Ten words – use all of them in your story.  That was the challenge from Chuck Wendig in this week’s flash fiction challenge.  I went blank to start with, then was tempted to do a little backstory since one of the words was Willow, and Willow is Hugo’s number two in his original journey down the time tunnel in The Traveler in Black and White.  There was one word that gave me trouble, since it is really too modern for the Princelings world.  I ended up deciding they have good enough scientists to have discovered molecular structure!  This is 995 words – amazing how much you can edit to get within the 1000 word guideline.

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Friday Flash Fiction: The Orichalcum Library

“Easy. All you have to do is randomize a title from the two columns,” said Chuck Wendig. Then he gave us two numbered lists, I got my random number generator working, and drew 7 & 3 to give me “Orichalcum Library”.

Wikipedia: Orichalcum is a metal mentioned in several ancient writings, including the story of Atlantis as recounted in the Critias dialogue, recorded by Plato. According to Critias, orichalcum was considered second only to gold in value, and was found and mined in many parts of Atlantis in ancient times. By the time of Critias, however, it was known only by name. In numismatics, orichalcum is the golden-colored bronze alloy used for the sestertius and dupondius coins. In many sources of pop culture, such as novels and video games, orichalcum is presented as a valuable ore that can be mined and crafted into powerful armor and weapons.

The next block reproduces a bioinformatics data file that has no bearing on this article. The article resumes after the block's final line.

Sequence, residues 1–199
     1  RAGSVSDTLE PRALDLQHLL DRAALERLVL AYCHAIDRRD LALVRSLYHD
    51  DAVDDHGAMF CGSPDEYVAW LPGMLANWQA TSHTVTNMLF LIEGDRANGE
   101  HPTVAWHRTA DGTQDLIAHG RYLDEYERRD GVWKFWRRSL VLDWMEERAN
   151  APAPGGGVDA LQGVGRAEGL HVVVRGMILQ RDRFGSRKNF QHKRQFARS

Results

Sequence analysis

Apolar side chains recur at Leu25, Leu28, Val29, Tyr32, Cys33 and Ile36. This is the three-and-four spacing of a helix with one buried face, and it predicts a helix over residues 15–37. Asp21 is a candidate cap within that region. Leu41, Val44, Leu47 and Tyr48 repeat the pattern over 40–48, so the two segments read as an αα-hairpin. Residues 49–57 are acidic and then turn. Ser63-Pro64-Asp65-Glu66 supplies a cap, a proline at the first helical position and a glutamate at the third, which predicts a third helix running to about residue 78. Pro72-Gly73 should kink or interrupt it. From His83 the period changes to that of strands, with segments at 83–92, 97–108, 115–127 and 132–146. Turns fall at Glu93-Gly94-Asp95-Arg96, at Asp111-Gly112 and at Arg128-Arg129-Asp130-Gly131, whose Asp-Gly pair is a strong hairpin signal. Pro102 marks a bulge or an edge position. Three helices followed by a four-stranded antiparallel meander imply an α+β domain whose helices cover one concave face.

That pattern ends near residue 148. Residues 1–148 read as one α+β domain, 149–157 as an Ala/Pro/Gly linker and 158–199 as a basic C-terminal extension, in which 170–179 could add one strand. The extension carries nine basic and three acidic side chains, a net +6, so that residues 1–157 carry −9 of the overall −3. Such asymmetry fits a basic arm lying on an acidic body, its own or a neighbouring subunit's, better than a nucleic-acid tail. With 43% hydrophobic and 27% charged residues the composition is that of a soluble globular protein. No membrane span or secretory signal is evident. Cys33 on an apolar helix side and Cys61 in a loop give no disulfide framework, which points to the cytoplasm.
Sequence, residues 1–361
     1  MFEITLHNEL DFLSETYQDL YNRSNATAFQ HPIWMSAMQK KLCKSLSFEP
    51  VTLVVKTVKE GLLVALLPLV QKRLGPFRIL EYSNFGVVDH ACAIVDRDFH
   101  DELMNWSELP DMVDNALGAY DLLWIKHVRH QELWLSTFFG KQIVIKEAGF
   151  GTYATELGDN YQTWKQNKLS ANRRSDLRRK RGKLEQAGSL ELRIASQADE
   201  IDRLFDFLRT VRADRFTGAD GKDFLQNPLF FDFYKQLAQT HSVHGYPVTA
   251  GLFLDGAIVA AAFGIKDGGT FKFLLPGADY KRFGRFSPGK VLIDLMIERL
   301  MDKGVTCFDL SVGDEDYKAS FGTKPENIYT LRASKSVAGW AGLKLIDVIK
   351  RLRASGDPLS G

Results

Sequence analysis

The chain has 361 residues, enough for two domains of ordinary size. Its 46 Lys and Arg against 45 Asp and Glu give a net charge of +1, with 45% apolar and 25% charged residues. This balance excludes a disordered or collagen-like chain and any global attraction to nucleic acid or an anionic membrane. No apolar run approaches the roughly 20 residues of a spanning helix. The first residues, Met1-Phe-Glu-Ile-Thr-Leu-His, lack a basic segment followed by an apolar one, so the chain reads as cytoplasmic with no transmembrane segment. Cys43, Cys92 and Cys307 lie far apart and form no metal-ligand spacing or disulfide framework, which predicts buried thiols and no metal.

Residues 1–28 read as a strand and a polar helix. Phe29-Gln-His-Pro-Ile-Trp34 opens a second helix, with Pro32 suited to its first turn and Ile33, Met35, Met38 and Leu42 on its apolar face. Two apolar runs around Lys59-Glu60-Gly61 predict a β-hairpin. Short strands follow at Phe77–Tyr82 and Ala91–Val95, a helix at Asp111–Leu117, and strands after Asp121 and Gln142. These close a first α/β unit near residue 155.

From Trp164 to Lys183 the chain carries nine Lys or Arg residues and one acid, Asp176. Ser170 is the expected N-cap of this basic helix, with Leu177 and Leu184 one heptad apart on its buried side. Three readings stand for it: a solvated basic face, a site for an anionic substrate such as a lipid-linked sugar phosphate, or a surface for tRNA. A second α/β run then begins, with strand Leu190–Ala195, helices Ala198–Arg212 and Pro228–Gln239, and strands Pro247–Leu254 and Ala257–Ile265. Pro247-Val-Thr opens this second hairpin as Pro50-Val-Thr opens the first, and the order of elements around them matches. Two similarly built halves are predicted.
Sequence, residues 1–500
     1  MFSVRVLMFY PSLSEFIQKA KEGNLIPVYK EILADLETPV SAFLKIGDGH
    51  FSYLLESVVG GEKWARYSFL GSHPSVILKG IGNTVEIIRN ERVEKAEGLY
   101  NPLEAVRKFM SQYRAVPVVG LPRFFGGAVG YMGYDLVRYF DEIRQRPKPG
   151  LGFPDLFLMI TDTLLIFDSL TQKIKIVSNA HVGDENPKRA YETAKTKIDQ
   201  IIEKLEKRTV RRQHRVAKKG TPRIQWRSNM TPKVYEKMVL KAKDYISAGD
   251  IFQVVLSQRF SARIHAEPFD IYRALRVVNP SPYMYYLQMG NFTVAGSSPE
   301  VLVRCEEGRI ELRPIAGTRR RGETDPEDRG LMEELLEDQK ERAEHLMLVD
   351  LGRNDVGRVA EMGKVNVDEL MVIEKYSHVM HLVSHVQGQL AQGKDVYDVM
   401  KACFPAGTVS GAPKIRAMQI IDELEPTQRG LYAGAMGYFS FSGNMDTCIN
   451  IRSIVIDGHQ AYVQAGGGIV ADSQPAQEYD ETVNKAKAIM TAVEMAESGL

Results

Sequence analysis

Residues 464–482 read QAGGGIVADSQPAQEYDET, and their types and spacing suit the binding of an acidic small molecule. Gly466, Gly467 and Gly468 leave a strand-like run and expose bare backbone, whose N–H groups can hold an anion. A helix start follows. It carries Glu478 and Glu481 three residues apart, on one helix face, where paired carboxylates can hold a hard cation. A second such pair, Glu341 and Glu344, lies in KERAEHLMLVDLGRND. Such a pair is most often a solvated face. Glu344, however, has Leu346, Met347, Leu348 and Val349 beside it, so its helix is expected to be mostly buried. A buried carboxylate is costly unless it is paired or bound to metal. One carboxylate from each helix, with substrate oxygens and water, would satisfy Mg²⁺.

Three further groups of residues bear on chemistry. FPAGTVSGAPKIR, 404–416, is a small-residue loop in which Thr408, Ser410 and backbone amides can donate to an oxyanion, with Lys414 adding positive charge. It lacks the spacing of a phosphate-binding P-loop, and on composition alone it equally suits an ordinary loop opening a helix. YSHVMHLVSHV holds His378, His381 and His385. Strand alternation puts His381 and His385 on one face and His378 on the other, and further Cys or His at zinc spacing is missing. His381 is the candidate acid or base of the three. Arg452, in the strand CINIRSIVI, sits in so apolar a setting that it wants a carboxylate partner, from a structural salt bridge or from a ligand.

Hmmmm.  So, I give you 1078 words making up a largely inoffensive tale…

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Postcard from Camp 1

2013-Participant-Campfire-Vertical-BannerWell, here I am at Camp NaNoWriMo, beavering away at my new story.  I hope it will turn into the sixth book.  Some of my original ‘Victor’s Story’, written three or more years ago, may survive and be included, but most is going to be consigned to the great snippet scrapbook in the sky.  It’s hard to say goodbye to it, and even harder when I’m struggling to find a new home for an inn called the Cheeky Parrot.  I may yet relocate it, so fans of the cheeky parrots – any cheeky parrots, but I particularly think of Peepers and Tweek – shouldn’t lose hope yet.